The romance story of President William Ruto and his wife, Rachel Ruto is a beautiful one punctuated with both difficult and happy moments. The couple who will occupy Statehouse as the first family met in the mid ’80s in Sugoi, Turbo Constituency.
Rachel’s family initially lived in Likuyani with the family’s patriarch, Samuel Kimetto eking a living by hawking maize.
According to the Standard, Mr. Kimetto would transport corn from Soy to Eldoret (approximately 20 kilometres) using a bicycle. The family later settled in Sugoi in 1985.
It is Rachel’s elder sister, Lydia Kimetto who introduced Ruto to the former. Lydia was married in 1981 to Ezra Kiplagat.
The family attended the same church with Ruto who approached Lydia Kimetto asking her to connect him with her younger sister.
According to Lydia, she knew her sister as a prayerful and industrious woman who was the best match for Ruto.
However, there was a hurdle in her ‘difficult and almost inapproachable’ nature. She had doubts that Ruto would win her heart.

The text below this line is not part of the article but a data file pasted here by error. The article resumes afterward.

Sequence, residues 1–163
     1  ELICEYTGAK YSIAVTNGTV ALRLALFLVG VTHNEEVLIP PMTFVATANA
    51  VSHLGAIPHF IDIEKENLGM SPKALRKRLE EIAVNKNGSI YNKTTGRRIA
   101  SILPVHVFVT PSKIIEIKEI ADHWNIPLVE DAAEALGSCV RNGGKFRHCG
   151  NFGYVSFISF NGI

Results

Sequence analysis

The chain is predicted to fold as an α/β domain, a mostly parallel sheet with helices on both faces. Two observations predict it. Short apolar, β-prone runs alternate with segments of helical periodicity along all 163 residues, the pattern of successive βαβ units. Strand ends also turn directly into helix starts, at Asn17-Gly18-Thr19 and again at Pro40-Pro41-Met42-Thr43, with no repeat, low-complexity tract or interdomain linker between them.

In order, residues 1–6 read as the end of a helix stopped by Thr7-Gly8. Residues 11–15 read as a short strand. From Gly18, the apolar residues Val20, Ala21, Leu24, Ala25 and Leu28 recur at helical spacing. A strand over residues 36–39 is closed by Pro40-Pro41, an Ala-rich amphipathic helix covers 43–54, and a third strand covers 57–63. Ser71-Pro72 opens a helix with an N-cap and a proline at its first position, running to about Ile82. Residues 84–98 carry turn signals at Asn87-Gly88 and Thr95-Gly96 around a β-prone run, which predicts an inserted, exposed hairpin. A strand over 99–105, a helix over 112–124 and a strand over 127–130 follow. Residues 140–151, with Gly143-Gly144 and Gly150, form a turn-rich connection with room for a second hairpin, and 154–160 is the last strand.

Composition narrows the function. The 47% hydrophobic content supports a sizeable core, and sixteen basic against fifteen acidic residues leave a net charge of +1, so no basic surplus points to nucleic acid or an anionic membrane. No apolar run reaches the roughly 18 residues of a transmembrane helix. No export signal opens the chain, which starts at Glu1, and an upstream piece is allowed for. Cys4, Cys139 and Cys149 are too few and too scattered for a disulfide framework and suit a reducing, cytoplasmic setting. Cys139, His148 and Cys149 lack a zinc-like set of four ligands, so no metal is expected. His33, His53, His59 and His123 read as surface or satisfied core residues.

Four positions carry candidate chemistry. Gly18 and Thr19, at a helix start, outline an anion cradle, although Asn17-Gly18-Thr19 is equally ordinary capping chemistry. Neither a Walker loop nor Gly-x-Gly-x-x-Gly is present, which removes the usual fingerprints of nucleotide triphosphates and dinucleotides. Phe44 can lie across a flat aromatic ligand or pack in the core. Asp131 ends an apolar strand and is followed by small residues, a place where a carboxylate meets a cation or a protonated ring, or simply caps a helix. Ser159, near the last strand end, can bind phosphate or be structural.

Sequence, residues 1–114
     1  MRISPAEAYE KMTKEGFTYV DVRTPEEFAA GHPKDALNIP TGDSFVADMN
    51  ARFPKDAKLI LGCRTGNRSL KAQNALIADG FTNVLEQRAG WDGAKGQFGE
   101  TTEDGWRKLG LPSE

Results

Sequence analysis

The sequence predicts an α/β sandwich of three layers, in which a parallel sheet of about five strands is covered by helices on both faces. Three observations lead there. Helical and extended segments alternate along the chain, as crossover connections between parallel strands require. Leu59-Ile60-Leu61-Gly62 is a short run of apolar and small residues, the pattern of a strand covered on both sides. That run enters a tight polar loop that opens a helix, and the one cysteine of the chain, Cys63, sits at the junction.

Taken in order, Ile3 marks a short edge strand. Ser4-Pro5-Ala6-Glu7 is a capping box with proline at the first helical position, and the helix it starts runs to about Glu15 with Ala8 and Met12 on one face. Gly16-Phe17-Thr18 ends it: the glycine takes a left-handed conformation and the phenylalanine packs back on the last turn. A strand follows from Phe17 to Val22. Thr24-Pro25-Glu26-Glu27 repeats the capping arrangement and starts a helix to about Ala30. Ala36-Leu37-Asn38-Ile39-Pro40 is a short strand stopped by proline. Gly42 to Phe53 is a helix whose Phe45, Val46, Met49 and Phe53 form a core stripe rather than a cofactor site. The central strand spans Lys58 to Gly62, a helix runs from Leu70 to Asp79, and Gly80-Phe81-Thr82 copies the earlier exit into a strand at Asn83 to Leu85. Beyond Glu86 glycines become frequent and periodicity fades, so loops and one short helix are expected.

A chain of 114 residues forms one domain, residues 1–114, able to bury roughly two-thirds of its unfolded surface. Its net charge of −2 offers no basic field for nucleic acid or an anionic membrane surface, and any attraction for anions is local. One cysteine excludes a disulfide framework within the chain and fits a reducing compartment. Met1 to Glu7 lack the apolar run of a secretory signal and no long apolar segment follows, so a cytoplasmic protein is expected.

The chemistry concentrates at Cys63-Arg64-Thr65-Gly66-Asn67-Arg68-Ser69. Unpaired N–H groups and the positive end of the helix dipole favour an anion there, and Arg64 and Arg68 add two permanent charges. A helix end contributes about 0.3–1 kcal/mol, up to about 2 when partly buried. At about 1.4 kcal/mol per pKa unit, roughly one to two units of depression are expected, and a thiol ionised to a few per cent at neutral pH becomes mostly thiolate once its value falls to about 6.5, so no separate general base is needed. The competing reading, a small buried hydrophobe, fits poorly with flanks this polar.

“I promised Ruto that I would help him get close to her. I had known Ruto as God-fearing and actively involved in youth activities in the church. Rachel was exactly the same.”
“I didn’t know Ruto would actually win my sister’s heart, knowing the kind of person she was, but he did. He was too convincing. He’d promised to do his best,” Kimetto told Standard Digital.
While Ruto joined University of Nairobi to pursue Botany, Rachel went to Kenyatta University for a teaching career. The duo’s love blossomed while at the University.
After completing her studies, Rachel was posted as a teacher on practice in Elgeyo Marakwet where Ruto would pay a visit.
“She was posted to Kessup girls for teaching practice and I was generally around and that is where our love history grew from. The rest is history,” Ruto reveals.
Supportive Wife Who Quit Teaching
After their marriage in 1991, Rachel taught briefly but quit the profession to support her husband’s career in politics and business.
As a woman who thrived best away from the limelight, she was generally unknown until Ruto rose to the Office of Deputy President in 2013.
She has been described as a prayer warrior whose lowest moment was when Ruto was implicated in crimes against humanity at the International Criminal Court (ICC). The matter weighed down on her but she remained resilient.
“Rachel often called all her siblings and asked us to pray for her husband and President Kenyatta as they battled their case in The Hague,” recalls Lydia Kimetto.